What is mercury?
Mercury is a naturally occurring, highly toxic heavy metal. In the US, the biggest source of mercury pollution is coal-fired power plants.
Mercury occurs naturally in coal in small quantities, and when coal is burned for energy, mercury is released into the air. From there, mercury falls onto waterways like rivers and lakes and enters the food chain.
In aquatic ecosystems, microbes convert some mercury into a form called methylmercury, and this is the kind of mercury that accumulates in fish. Methylmercury concentrations in fish can be up to 100 million times greater than the concentration in water. When humans eat fish, mercury gets into our bodies too.
How does mercury affect our health?
Mercury can have a wide range of impacts on human health. Mercury is especially dangerous for developing babies and children: it can cross the blood-brain and placental barriers after ingestion, leading to toxic effects on fetal and infant brains. When pregnant women eat contaminated fish, mercury can cause impaired motor function, learning impairments, and behavioral problems in their children.
Additional health harms linked to mercury exposure include cardiovascular problems, including increased risk of heart attacks. There is no safe level of mercury consumption.
Mercury protections also limit the release of other toxic air pollutants from power plants, helping to prevent exposure to air pollution that has been linked to cancer, respiratory illnesses (like asthma), premature death, and other dangerous health problems. Because communities of color and low-income communities bear the heaviest burden of air pollution, reducing mercury and air toxics pollution is an issue of environmental justice.
Mercury and fish consumption
Most mercury exposure happens through the consumption of fish.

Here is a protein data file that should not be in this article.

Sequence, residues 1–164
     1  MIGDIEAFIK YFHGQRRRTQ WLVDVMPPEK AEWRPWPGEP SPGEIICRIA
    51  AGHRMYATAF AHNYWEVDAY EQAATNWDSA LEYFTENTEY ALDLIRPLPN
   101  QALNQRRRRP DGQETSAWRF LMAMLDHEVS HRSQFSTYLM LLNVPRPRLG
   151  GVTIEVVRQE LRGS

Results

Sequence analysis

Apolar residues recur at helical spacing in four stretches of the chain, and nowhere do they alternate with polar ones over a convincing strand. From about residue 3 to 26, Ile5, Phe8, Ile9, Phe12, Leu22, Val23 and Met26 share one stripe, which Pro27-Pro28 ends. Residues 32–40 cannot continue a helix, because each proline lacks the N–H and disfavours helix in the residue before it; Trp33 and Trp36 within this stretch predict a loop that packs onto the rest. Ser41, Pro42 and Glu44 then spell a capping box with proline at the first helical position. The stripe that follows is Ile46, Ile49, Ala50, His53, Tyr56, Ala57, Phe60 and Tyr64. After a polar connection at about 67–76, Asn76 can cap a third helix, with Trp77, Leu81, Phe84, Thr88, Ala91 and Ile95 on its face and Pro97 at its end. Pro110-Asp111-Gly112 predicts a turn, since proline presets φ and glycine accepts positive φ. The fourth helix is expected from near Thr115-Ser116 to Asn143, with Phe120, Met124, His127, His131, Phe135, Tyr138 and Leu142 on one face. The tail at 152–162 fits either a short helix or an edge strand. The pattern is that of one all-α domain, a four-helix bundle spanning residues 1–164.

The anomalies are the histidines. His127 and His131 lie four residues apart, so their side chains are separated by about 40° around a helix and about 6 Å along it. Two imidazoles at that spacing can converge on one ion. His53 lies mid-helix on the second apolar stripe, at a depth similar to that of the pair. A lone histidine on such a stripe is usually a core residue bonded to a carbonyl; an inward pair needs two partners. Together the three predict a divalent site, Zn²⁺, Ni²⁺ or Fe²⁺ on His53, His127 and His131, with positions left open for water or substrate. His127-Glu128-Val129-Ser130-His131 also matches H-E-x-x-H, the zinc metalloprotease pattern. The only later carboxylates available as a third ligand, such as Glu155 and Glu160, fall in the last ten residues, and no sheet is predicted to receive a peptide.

Although fish can be a healthy, low-cost source of protein and nutrients, there may be long-term health harms from eating fish contaminated by methylmercury.
People who eat fish more frequently, like recreational or subsistence fishers, are at higher risk for experiencing health impacts from mercury.
There are many fish consumption advisories due to mercury contamination for water bodies across the United States.
The history of mercury protections in the United States
Congress began protecting families from coal-plant mercury pollution from electric utilities through the 1990 Amendments to the Clean Air Act, and in 2011, the Environmental Protection Agency (EPA) introduced the Mercury and Air Toxics Standards (MATS).
MATS put in place national pollution standards for coal- and oil-fired power plants, and the standards have been highly effective in reducing mercury pollution and protecting human and ecosystem health. MATS also regulates other hazardous air pollutants, like lead, arsenic, dioxin, acid gases, and cancer-causing chromium, nickel, and selenium. Some states began implementing mercury protections before 2011, in anticipation of the EPA mercury standards. Since MATS was implemented, mercury emissions are down 86%, acid gas hazardous air pollutants have been cut by 96%, and non-mercury metal hazardous air pollutants have been reduced by 81%, according to EPA data.
While mercury controls have been successful, much work remains to be done. There are still many coal plants in the US releasing significant amounts of mercury into the air and putting families’ health at risk. Lignite coal plants in Texas and North Dakota are among the worst mercury offenders.
The Trump administration worked to undermine mercury standards, and in late 2020, President Trump’s EPA finalized a change to MATS that withdrew the legal justification for the rule, known as the “appropriate and necessary finding,” putting the standards at risk.
In early 2023, EPA Administrator Michael Regan announced that the “appropriate and necessary” finding had been restored. Shortly afterwards, EPA proposed strengthening MATS in the most significant update since the rule was first issued in 2012. The proposed new protections will help continue to reduce mercury and other forms of toxic air pollution.
Benefits of the Mercury and Air Toxics Standards include:
Cleaning up dirty lignite coal plants: The standards would dramatically reduce emissions from lignite coal, an especially polluting form of coal found primarily in North Dakota and Texas.
Strengthening protection from non-mercury toxics covered by MATS, such as lead, arsenic, and chromium. These toxic heavy metals are known to cause significant health impacts including fatal heart attacks, cancer and developmental delays in children.
Reducing emissions from other health-harming air pollutants, including fine particle pollution (also known as soot), sulfur dioxide, nitrogen oxides, and carbon dioxide.
Require continuous monitoring for coal plants, which means that facilities will be required to track their pollution at all times—rather than just for short, periodic emissions tests that don’t necessarily reflect the pollution actually going into the air most of the time.
Full list of sources.
Released: February 2022, Updated May 2023